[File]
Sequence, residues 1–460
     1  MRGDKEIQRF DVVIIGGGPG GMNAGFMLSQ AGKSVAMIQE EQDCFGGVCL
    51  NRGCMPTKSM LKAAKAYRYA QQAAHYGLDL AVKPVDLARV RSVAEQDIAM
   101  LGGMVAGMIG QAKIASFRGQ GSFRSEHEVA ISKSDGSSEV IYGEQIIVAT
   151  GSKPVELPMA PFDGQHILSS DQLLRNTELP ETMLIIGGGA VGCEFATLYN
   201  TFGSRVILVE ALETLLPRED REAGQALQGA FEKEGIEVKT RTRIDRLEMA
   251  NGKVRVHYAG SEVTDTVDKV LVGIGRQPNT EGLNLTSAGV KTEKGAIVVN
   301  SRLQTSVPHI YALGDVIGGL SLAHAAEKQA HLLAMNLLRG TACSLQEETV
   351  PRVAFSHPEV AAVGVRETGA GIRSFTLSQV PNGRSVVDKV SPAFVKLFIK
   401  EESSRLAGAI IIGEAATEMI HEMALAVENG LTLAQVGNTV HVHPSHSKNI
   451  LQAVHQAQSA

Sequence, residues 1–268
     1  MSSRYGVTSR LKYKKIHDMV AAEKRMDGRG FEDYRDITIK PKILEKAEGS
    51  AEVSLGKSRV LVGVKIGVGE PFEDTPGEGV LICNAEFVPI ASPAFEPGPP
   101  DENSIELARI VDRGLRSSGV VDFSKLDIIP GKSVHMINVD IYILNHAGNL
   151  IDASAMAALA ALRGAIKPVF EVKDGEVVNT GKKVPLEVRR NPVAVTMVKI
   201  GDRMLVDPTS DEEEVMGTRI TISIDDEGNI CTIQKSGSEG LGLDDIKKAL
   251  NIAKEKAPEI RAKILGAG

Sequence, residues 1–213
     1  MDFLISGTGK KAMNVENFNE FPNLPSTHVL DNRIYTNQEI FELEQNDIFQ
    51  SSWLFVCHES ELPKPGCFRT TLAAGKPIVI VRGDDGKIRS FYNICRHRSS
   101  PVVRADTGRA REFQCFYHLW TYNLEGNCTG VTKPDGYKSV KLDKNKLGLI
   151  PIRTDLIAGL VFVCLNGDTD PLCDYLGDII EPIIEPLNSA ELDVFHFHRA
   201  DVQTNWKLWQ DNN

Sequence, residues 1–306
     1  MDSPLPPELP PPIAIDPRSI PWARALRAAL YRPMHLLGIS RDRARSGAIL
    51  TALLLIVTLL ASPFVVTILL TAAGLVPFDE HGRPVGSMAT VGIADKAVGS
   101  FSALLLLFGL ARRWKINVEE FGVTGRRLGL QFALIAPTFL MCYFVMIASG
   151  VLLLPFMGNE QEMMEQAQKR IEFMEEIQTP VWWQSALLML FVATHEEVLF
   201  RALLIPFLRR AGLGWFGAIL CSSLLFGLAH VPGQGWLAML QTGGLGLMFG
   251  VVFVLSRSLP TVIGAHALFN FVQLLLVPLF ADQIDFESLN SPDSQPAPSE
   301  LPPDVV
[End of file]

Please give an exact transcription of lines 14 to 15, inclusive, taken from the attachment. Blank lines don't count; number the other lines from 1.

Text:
    51  AEVSLGKSRV LVGVKIGVGE PFEDTPGEGV LICNAEFVPI ASPAFEPGPP
   101  DENSIELARI VDRGLRSSGV VDFSKLDIIP GKSVHMINVD IYILNHAGNL